How can I make effective decisions about tithing, saving and debt reduction right now?

An economic downturn can upend even the best of economic plans.

But the principles one should use in setting priorities for generosity, saving and debt reduction don’t change in good or bad times:

• Recognize that all we have ultimately comes from the Lord and belongs to him (Deuteronomy 10:14).

• Be generous with the Lord as a way of thanking him for the many gifts he has given you. The world says pay yourself first, but the scriptural principle is to pay God first (Proverbs 3:9).

• Have a plan and keep working the plan (Luke 14:28-30). Develop appropriate savings and debt reduction goals that fit current circumstances. Build those “expenses” into your plan, and learn how to live on the remainder.

Determining how much to give in stressful economic times can be difficult, but it continues to be an obligation that we need to take seriously. Canon 222 of the Code of Canon Law describes the obligation we have to be generous with the Church, its ministers, its apostolic works and outreach to the poor. While the tithe (tenth) continues to be an important guide for determining how much we should give, the Church leaves that decision up to us. How can you make a faithful and prudent decision?

On the one hand, consider the Old Testament stories of Elijah and Elisha, where widows were miraculously provided for (1 Kings 17:7-16 and 2 Kings 4:1-7). On the other hand, Pope Leo XIII said, “No one, certainly, is obliged to assist others out of what is required for his own necessary use or for that of his family.”

A good place to be when it comes to generosity, whether in good times or bad, is to give to a level that makes you stretch a bit — to give to a sacrificial degree. The Lord will honor such gifts, no matter the amount, because they are given out of love.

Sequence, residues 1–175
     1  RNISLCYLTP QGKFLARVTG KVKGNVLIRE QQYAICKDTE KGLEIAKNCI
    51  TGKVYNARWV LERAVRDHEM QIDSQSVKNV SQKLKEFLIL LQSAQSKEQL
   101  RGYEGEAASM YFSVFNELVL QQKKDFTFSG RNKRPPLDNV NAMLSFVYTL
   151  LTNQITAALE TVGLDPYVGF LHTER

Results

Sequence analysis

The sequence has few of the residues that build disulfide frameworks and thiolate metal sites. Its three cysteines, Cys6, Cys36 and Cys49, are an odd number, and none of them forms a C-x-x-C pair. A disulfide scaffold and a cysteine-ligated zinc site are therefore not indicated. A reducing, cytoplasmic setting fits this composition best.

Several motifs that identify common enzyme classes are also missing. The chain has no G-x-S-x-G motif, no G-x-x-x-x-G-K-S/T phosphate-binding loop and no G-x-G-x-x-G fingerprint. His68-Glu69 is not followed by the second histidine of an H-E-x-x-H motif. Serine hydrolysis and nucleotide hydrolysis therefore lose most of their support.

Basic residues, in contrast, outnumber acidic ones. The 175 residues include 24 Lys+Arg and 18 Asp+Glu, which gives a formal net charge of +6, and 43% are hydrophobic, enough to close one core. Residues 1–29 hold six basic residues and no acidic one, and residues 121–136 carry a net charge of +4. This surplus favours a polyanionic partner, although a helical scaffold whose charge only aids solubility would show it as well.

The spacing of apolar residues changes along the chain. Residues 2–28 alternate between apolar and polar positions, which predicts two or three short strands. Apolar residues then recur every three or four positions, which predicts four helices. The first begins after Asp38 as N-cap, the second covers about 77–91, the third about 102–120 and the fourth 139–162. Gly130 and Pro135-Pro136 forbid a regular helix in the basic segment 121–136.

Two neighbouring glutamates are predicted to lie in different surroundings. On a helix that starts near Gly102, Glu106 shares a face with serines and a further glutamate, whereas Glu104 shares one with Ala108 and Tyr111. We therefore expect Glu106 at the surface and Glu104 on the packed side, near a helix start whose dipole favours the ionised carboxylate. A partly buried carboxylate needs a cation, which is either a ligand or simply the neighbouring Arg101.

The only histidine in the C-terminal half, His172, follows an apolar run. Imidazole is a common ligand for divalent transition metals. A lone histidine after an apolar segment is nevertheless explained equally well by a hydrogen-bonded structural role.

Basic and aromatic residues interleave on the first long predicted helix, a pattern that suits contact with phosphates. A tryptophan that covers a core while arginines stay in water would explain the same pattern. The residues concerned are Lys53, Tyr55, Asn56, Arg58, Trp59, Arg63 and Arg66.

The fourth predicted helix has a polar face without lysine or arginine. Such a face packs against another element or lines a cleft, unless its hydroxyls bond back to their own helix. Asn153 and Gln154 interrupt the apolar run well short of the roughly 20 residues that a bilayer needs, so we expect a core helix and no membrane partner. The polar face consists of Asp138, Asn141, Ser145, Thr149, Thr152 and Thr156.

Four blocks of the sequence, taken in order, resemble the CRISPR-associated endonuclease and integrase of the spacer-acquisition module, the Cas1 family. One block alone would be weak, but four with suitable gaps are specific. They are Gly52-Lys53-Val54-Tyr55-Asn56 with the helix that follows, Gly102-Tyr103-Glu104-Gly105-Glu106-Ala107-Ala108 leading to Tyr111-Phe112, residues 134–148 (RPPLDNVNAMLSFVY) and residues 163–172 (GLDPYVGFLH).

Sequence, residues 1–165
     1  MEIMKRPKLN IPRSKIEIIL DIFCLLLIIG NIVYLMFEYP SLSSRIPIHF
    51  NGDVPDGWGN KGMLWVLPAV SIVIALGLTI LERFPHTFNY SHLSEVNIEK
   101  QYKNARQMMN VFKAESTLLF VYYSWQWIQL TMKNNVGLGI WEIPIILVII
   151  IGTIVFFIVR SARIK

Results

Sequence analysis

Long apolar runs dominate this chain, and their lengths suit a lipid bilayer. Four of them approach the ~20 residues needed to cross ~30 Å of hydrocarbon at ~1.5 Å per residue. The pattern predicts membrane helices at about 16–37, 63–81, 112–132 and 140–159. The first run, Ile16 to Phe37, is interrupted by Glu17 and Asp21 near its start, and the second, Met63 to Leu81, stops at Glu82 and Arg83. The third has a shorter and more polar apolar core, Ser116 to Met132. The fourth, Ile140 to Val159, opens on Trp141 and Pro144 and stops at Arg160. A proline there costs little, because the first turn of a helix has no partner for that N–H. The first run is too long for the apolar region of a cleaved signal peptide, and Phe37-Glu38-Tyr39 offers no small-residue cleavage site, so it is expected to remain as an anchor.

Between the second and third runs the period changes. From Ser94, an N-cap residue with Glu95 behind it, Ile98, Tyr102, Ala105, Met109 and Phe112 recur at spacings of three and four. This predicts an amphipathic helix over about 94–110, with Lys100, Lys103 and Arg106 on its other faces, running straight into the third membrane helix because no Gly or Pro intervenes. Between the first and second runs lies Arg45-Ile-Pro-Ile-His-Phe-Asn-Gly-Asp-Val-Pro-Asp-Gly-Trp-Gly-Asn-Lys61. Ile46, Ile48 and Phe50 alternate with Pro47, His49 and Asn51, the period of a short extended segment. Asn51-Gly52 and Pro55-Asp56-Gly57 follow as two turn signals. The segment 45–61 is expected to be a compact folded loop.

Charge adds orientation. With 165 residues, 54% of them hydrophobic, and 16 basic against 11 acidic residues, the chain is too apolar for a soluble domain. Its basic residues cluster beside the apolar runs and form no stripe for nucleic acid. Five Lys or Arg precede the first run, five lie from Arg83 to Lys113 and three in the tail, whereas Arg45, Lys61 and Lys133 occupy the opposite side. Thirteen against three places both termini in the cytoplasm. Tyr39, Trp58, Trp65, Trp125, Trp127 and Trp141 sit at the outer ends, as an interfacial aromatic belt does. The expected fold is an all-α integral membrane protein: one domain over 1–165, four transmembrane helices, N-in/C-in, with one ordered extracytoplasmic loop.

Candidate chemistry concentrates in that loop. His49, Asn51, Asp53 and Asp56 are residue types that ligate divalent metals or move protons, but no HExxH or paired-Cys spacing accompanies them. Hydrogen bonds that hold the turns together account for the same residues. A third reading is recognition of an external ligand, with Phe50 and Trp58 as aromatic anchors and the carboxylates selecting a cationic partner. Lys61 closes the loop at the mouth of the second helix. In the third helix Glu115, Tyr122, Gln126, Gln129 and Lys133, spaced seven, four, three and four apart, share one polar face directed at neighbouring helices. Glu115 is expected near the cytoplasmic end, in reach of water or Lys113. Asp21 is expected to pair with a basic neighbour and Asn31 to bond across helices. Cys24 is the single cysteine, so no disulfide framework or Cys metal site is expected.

Before you decide how much to give, save and apply toward debt repayment, it’s critical that you develop an annual financial plan that factors in those assumptions. Otherwise, you’ll find yourself playing a shell game with your money, feeling like you are making progress one moment, only to be caught off guard by unexpected bills at another moment. Developing an annual plan helps you see the big picture so you can make appropriate allocations between savings and debt reduction, while insuring the remainder is adequate to meet your needs.

When developing your plan, focus on establishing or maintaining your $2,000 emergency fund, accelerating the repayment of unproductive debt, then building your rainy-day fund. You want to accomplish these basic steps in relatively quick order so you can set about the business of saving and investing for retirement and your children’s college education. If you wait too long, you lose the benefit of compound earnings, which play an important role in helping you reach your goals.

God love you!

Phil Lenahan is president of

Veritas Financial Ministries (VeritasFinancialMinistries.com)

and author of 7 Steps to Becoming Financially Free: A Catholic Small Group Study (OSV).